The objective of this study was to understand the associations of calf growth traits with subsequent milk yield and body weight (BW). Data were collected for 281 Holstein heifer calves from 6 different calf trials of varying lengths (4 to 8 wk) conducted at Pennsylvania State University between 2003 and 2010. Calves were classified as high, medium, or low for hip height, starter feed intake, BW, and growth rate. Milk yield and cow BW were recorded during subsequent lactations. In total, there were 169,734 daily milk records and 136,153 cow BW records available. Data were evaluated using mixed model equations. Separate models were used for each calf growth trait initially, followed by models that considered multiple growth measures. Each model included age at calving, treatment within trial, parity, days in milk, lactation, and one of the calf growth traits as well as the interaction between lactation and days in milk as fixed effects. Cow and calendar week by year were fitted as random effects. Heifers from the low hip height classification as calves produced less milk across lactations after accounting for BW differences. Cows from the medium BW classification as calves produced more milk in early lactation than cows from the high BW classification as calves after accounting for differences in height. Calves that grew more quickly, ate more, and weighed more were heavier as first-lactation heifers and as mature cows. Our results suggest that the type of preweaning growth is an important consideration for future milk yield. Calves that were the shortest had the lowest milk production potential and were the least likely to remain in the herd until first lactation.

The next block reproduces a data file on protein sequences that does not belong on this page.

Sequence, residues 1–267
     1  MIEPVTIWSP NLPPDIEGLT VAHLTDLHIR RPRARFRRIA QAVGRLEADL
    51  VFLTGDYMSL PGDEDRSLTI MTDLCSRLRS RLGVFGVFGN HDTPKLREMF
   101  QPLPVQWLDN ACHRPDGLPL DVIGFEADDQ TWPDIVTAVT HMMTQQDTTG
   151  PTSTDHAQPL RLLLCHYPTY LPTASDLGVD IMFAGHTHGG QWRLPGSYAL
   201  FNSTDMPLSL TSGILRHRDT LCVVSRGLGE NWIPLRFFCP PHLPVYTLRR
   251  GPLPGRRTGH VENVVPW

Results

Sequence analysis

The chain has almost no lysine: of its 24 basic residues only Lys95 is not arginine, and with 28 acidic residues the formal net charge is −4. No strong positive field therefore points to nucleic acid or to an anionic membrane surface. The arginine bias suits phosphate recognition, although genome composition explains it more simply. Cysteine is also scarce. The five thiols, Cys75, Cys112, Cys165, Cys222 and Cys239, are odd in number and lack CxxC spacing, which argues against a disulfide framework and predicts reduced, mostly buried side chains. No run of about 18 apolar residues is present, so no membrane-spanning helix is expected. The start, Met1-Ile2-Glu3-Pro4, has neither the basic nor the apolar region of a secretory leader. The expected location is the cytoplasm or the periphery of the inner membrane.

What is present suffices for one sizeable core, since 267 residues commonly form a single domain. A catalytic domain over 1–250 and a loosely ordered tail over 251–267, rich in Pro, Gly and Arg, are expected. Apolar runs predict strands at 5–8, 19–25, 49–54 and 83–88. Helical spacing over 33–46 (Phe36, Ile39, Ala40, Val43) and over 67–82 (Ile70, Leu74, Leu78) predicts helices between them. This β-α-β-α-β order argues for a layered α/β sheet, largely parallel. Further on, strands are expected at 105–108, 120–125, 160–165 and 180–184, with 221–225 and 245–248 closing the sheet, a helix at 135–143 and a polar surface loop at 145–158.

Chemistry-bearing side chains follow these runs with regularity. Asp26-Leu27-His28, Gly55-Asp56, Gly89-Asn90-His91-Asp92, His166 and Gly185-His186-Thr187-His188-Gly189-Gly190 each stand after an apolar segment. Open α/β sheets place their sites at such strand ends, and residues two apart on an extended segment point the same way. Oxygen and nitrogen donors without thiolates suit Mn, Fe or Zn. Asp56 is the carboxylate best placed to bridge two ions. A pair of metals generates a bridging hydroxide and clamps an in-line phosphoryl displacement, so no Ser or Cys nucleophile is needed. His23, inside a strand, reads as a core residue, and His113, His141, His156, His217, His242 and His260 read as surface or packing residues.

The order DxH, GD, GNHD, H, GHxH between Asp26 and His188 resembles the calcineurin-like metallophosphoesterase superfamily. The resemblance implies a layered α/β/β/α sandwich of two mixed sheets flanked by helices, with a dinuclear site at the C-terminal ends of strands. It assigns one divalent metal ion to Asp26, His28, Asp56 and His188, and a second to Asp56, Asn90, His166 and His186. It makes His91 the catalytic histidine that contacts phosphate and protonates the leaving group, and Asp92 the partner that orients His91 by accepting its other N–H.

All Science Journal Classification (ASJC) codes
- Food Science
- Animal Science and Zoology